After 2,000 violations, landlord sells properties

Under pressure from the city, Spiros Zorbalas sold his 38 Minneapolis rental properties to Steve Frenz

A major Minneapolis property owner who last year lost a court battle with the city has sold his entire portfolio of rental properties, including apartment buildings in Stevens Square, Lyndale and Kingfield.

The 38 rental properties Spiros Zorbalas owned were purchased by Steve Frenz, whose The Apartment Shop property management company operates out of a Whittier neighborhood office. The deal, which includes 752 apartment units and roughly doubles Frenz’s portfolio, was finalized Dec. 18, Frenz said.

Zorbalas racked up 2,131 violations over five years, said City Council Member Gary Schiff [Ward 9], who hailed the sale as a victory for the city.

“He was hands down the worst landlord who had accumulated the most violations in the city,” Schiff said.

Schiff described the sale as a direct result of city action against Zorbalas, beginning in April 2011 with the revocation of his rental licenses for three properties where inspectors found multiple housing code violations: 905 Franklin Ave., 3725 Cedar Ave. and 1830 Stevens Ave. That triggered the city’s “two strikes and you’re out” rule.

“If you’ve had two licenses revoked in a five-year period, you lose all your licenses for five years,” Schiff explained.

Zorbalas sued, but an appeals court took the city’s side in March.

Steve Gallagher, executive director of the Stevens Square Community Orgnization, said he’d heard complaints from residents of every Zorbalas building in the neighborhood. Common complaints had to do with a lack of heat and the condition of the buildings and units, Gallagher said.

He welcomed the news of the sale, citing a solid relationship with Frenz and The Apartment Shop.

“We have a real good relationship with Steve,” Gallagher said. “… We’re going from a landlord that we’ve had zero contact with to one we can call up any time.”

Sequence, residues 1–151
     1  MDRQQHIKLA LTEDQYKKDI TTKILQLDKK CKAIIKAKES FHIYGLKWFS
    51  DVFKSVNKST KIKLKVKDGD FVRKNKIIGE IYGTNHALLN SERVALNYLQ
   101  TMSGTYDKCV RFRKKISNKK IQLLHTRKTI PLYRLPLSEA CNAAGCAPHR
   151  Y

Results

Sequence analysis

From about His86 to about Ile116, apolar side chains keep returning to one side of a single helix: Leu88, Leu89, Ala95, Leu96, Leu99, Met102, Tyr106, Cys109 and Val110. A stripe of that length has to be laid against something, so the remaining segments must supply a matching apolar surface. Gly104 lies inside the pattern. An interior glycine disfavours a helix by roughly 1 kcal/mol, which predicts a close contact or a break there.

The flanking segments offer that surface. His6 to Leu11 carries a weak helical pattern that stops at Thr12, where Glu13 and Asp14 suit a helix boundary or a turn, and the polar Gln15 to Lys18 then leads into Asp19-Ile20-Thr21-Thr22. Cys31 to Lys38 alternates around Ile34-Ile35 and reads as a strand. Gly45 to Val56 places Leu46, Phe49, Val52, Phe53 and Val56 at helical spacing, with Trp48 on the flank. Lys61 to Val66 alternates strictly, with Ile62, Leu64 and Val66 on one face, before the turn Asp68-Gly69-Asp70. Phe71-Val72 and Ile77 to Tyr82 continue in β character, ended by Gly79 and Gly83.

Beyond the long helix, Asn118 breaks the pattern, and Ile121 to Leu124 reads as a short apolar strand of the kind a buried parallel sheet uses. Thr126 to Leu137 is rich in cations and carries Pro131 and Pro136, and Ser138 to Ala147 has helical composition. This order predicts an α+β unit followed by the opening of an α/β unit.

Frenz, who would not say how much he paid for the former Zorbalas buildings, downplayed the role of the city in assembling the deal. Frenz said he contacted Zorbalas looking for a “strategic partner” after he ran into trouble during the Great Recession.

“One, I like a challenge,” he said. “But, two, the guy was out of state and having some issues with the city because of his remote management style.”

Zorbalas lives in Florida. Frenz initially intended to keep him on as a minority partner, but the city objected.

Frenz’s maintenance crews began working in Zorbalas’ buildings in the fall, when it appeared likely the deal would go through. They were mostly preparing the boilers for the heating season, Frenz said.

He said he discovered “a lot of deferred maintenance” issues with the properties, and will set crews to work repainting common areas and making other improvements. Frenz hired 10 of Zorbalas’ staff members, including two maintenance technicians, four painters and several cleaners.

Rents are likely to go up, he acknowledged. Apartments at some of the properties, including brownstones in popular neighborhoods, were renting at below market rate, he said.

Megan Gamble has lived in one of those brownstone apartments in the Stevens Square neighborhood for two years.

“I’m not going to lie, it’s been a trying two years,” Gamble said. “I’ve been a very squeaky wheel when it comes to issues with the building.”

Her main complaint was the slow response to maintenance issues. This fall, she called the city when her heat wasn’t turned on after days of cold weather.

Gamble said she was on a first-name basis with the inspector who came to her aid, “Joe,” because of her frequent calls for help. Still, she said, she enjoys living in her building, and appreciates her one-bedroom’s wooden floors and claw-foot tub.

“That’s why I put up with so much, because I love my apartment,” she said.